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"Laibon Lenana" Leader Of The Maasai

The Maasai  Kenya's most famous tribe were the most powerful tribe in Kenya. Their  territory reached its largest size in the mid-19th century, and covered almost all of the Great Rift Valley and adjacent lands from Mount Marsabit in the north to Dodoma in the south.[13] At this time the Maasai, as well as the larger Nilotic group they were part of, raised cattle as far east as the Tanga coast in Tanganyika (now mainland Tanzania). Raiders used spears and shields, but were most feared for throwing clubs (orinka) which could be accurately thrown from up to 70 paces (appx. 100 metres). In 1852, there was a report of a concentration of 800 Maasai warriors on the move in what is now Kenya. In 1857, after having depopulated the "Wakuafi wilderness" in what is now southeastern Kenya, Maasai warriors threatened Mombasa on the Kenyan coast.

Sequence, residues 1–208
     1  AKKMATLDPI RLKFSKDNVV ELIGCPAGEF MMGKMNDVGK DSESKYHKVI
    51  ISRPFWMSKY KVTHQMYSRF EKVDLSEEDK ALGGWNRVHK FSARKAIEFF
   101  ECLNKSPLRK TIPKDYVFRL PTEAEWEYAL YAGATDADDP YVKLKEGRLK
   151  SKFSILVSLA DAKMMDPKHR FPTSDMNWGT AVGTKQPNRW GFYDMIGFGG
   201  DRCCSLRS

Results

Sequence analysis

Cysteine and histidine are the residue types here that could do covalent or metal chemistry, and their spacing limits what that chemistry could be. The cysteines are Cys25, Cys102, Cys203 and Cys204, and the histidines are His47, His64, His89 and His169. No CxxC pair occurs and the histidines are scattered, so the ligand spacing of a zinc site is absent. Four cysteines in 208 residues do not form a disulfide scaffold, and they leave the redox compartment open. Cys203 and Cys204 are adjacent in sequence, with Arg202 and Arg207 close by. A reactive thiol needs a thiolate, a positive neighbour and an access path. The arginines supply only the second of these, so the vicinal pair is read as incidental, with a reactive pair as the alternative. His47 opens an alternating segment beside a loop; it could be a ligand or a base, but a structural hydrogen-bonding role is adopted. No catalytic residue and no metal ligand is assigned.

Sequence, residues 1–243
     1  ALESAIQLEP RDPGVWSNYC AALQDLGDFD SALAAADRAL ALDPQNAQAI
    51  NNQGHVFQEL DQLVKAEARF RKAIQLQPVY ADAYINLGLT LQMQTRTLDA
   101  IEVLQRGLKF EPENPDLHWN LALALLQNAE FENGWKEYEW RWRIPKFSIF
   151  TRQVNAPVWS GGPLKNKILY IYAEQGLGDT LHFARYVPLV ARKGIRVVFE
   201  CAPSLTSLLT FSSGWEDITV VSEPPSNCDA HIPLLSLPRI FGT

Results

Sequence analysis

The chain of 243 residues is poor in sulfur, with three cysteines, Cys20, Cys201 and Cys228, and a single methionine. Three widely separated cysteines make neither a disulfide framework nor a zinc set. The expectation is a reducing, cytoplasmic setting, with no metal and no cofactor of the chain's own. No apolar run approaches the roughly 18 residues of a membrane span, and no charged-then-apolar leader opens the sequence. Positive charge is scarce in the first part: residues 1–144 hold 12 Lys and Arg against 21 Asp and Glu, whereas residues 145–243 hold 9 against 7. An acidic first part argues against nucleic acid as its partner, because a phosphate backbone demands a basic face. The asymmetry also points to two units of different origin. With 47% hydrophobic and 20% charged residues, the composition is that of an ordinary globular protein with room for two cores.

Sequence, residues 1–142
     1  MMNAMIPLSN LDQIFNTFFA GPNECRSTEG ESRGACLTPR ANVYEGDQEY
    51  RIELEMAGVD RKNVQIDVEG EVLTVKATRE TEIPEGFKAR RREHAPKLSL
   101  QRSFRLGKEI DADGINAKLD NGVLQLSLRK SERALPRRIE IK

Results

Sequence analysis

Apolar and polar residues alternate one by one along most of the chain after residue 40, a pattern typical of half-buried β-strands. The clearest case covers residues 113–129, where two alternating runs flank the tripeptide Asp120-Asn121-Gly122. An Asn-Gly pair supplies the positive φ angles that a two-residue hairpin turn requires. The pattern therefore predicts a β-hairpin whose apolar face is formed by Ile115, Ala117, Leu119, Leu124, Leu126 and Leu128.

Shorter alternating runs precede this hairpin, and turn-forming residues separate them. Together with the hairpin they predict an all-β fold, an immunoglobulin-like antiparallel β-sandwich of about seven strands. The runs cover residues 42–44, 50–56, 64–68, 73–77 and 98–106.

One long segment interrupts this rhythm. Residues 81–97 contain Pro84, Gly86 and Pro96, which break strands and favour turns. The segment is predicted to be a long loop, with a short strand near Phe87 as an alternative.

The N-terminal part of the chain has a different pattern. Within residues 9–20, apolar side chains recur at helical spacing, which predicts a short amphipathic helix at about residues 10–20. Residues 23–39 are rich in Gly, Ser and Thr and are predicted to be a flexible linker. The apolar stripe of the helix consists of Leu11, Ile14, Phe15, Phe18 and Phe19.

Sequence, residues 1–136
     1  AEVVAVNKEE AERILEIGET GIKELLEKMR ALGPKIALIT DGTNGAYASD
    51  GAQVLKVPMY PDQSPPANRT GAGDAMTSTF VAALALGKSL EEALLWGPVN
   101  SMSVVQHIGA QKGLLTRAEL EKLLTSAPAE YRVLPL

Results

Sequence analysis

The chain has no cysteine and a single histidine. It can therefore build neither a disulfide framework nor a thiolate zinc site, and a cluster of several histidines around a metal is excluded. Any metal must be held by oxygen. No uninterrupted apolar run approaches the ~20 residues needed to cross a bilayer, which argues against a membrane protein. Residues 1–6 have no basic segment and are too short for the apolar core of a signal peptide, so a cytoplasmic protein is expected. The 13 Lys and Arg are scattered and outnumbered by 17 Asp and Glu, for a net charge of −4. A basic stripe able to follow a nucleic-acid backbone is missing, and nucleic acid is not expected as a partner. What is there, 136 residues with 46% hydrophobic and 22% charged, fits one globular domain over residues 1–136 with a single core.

The Maasai people stood against slavery and lived alongside most wild animals with an aversion to eating game and birds. Maasai land now has East Africa's finest game areas. Maasai society never condoned traffic of human beings, and outsiders looking for people to enslave avoided the Maasai.


Lenana wanted the British to help the Maasai to be powerful once more, so that they could defeat the Nandi who were their big enemy at the time.

He also wanted support to fight his brother, Sendeyo, who wanted to become the leader.

This is why around 1905-1906, Lenana sent 1 000 Maasai warriors to fight other communities for the British and also allowed the British to construct a railway line through his territory.

Later, the British turned against the Maasai and wanted part of their land for white settlers.

Lenana was made to sign an agreement with the British that moved all the Maasai from their land and sent them to live in two main reserves, one around Ngong in Kajiado and another in Laikipia.

In 1911, more settlers arrived and more land was needed.

A second agreement was signed, and the Maasai under Lenana were forced to move again, from Laikipia to the Ngong reserve.


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